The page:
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Nonprofits – August 18, 2020

Challenges Facing Nonprofits: Pono Pacific and Kupu

John Leong, CEO, Pono Pacific and Kupu balancing work and family | Photo courtesy of Pang Communications
Interview with John Leong, CEO, Pono Pacific and Kupu

How and when you are conducting your return to your offices or other physical locations.

Ho‘okupu Center is starting to have its youth programs so we arranged the space so everyone is socially distanced. The culinary program there never stopped because it was deemed essential as we provided daily meals for those in need during the COVID crisis.

Kupu offices will open July 15. We will wear masks in common areas, there will be hand sanitizer available everywhere, and we’ve been putting in new furniture and laying out the office differently to create more space between people. We might space out or stagger shifts among the staff as well.

After your transition period ends, how do you think your “new normal” will be different from your old normal?

The new normal has many successes as far as efficiency goes: We can do much more Zoom work training with Neighbor Island staff. This technology helped us connect better with our Neighbor Islands than we have ever been able to before.

We will be hiring throughout the new normal because we’ve been using this time to go after new funding to grow our youth corps model. This will engage young people in service during this time to get important work done for our economy and environment to create a more resilient community. We plan to be an integral part of bringing home money to Hawai‘i to create jobs.

Our culinary program is looking at grab-n-go meals as a regular offering as well. It’s not about perfection in a season like this; it’s about responding quickly and moving wisely.

How do you think your new normal will affect your finances and customer service?

The new normal is something we have always been working toward – building a more resilient and self-sufficient Hawai‘i. We once had the lowest unemployment rate nationwide, and now have the highest, with nearly a quarter of a million residents out of work during this pandemic. While this may seem dismal, now is the time to engage hands and hearts to build out a better Hawaiʻi through a new green workforce founded in service, environment and values-driven skills development.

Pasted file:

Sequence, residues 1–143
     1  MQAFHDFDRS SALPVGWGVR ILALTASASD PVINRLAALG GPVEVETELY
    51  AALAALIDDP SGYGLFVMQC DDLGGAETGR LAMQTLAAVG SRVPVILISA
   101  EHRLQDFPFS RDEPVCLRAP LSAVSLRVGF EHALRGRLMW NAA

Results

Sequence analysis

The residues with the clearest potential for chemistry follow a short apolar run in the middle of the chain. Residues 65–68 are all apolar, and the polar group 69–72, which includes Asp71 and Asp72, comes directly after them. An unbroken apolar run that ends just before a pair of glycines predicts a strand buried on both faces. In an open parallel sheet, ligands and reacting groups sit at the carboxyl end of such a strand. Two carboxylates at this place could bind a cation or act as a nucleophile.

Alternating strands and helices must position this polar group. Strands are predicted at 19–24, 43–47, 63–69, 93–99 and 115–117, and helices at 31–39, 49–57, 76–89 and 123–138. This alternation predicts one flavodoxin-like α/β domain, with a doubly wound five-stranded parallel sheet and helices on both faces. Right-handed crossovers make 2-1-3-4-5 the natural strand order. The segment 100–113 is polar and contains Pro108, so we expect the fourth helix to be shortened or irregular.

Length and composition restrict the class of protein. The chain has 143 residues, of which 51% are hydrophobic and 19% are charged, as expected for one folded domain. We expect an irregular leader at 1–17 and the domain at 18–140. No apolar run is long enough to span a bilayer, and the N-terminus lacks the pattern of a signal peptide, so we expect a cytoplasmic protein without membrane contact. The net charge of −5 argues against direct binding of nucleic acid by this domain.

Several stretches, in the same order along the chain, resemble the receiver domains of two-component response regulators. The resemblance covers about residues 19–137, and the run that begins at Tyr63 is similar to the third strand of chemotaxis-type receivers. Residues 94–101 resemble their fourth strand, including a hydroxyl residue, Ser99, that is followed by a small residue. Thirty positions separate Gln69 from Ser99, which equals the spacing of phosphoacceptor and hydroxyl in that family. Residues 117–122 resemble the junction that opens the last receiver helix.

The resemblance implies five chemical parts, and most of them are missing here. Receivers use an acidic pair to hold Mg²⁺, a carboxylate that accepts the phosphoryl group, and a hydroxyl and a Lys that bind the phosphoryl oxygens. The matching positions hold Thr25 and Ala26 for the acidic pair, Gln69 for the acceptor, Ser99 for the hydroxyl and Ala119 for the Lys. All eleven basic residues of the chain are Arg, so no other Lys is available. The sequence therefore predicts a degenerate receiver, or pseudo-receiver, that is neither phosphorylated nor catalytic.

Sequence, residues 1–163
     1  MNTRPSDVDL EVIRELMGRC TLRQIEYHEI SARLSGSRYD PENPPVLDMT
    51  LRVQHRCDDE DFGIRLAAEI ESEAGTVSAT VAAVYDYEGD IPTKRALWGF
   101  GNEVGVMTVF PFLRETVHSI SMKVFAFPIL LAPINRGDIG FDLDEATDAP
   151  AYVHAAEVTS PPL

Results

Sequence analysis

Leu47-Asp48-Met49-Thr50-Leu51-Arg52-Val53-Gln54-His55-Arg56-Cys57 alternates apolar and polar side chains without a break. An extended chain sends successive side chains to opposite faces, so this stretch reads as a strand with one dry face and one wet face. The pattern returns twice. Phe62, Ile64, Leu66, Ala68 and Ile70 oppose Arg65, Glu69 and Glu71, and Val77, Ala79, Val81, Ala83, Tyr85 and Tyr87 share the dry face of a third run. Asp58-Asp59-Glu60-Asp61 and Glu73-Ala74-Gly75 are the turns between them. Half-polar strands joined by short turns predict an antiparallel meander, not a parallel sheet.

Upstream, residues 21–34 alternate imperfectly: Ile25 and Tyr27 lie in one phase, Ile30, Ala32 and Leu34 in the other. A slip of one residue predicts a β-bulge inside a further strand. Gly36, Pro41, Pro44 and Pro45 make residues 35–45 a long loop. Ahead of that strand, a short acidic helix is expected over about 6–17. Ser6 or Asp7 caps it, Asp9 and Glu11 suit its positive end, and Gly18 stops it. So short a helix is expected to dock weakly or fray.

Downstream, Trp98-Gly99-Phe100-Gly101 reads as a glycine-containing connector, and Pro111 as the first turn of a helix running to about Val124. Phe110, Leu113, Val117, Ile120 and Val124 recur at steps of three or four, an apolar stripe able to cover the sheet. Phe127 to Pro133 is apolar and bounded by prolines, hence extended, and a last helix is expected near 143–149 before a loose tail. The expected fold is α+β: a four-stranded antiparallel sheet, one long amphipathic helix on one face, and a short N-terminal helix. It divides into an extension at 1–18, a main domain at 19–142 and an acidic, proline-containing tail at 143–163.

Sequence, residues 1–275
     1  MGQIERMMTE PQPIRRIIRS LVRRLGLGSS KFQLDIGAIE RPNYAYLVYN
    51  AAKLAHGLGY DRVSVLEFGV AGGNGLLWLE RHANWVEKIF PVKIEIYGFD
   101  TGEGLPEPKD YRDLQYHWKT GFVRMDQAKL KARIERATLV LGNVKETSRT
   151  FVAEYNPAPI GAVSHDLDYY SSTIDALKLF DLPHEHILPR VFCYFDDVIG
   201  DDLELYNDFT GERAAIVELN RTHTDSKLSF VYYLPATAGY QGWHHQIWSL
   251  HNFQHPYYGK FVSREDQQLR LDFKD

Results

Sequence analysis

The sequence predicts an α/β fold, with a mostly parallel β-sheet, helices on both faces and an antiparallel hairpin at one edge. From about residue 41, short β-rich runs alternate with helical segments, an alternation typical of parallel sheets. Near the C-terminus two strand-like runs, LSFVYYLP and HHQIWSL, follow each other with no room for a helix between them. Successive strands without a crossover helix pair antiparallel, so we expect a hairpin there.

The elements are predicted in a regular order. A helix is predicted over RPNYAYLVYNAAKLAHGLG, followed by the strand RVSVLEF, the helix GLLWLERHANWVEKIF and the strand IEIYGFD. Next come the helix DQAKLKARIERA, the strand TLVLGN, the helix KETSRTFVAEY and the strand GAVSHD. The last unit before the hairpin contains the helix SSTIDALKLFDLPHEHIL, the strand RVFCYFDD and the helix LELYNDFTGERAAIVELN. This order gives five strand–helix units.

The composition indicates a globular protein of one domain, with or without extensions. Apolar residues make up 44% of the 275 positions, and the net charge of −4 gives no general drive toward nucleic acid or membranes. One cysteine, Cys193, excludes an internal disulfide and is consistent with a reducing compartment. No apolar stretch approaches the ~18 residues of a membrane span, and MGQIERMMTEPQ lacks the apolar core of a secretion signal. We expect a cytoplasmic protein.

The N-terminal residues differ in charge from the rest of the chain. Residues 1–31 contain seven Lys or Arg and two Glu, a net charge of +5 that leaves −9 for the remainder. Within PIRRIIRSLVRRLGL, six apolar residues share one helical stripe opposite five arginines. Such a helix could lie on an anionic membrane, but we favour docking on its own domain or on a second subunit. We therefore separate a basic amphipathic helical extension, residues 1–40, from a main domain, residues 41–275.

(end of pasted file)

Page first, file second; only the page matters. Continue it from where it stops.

Our financial model is based on going after funding and partnerships that will create jobs and long-term economic diversification for our state so that if this ever happens again, or other major events should plague us, we will have the capacity to survive and bounce back faster. For example, through a new partnership with Arizona State University, Kupu participants can get a full year of college online completely covered by their AmeriCorps education award. This is both equity and opportunity for many seeking options since COVID19 disrupted so much.

How are going to ensure good employee performance and engagement under your new normal?

Continue to reinforce a work culture that strives for excellence and our staff to act pono.

Are there other important lessons your organization learned from this crisis?

Youth corps are a perfect way to bridge that gap and create new jobs for Hawaiʻi, get important work done and combat unemployment. For example, Kupu has been able to connect private companies, nonprofits, local government entities and universities in partnerships that create hands-on education and job training that Hawai‘i’s youth can apply in real-world settings to preserve our natural resources, protect watersheds, increase food security and problem-solve the many challenges global warming presents to us, the most isolated landmass on Earth.

For every dollar invested in youth corps, there is close to a $4 community return on investment nationally. Prioritizing sustainable land-based economic revenue streams, investing in conservation of our natural and sustainable infrastructures, species preservation and evolving from mono-crop exports to food sovereignty are all areas in which a green workforce can support and position Hawaiʻi to have a greater degree of economic diversity and resiliency.

Youth corps build healthy character and capacity. Young people learn the value of hard work from having to backpack for miles, camp under the stars and conduct work that pushes them to their limits. Corps also create an inclusive family that unifies beyond race, socio-economic background and beliefs. Youth corps provide a solution most party lines can agree with as they provide a hand up, not a handout, to do necessary projects in a cost-effective manner while meeting environmental and social needs.

Many of Hawaiʻi’s leading conservation professionals have participated in youth corps or partnered with one, moving from corps to careers. If we start building now, growing our green workforce can inspire our local residents, visitors and the global community to create a more resilient future in which we can all thrive.

Challenges Facing Nonprofits: YMCA of Honolulu

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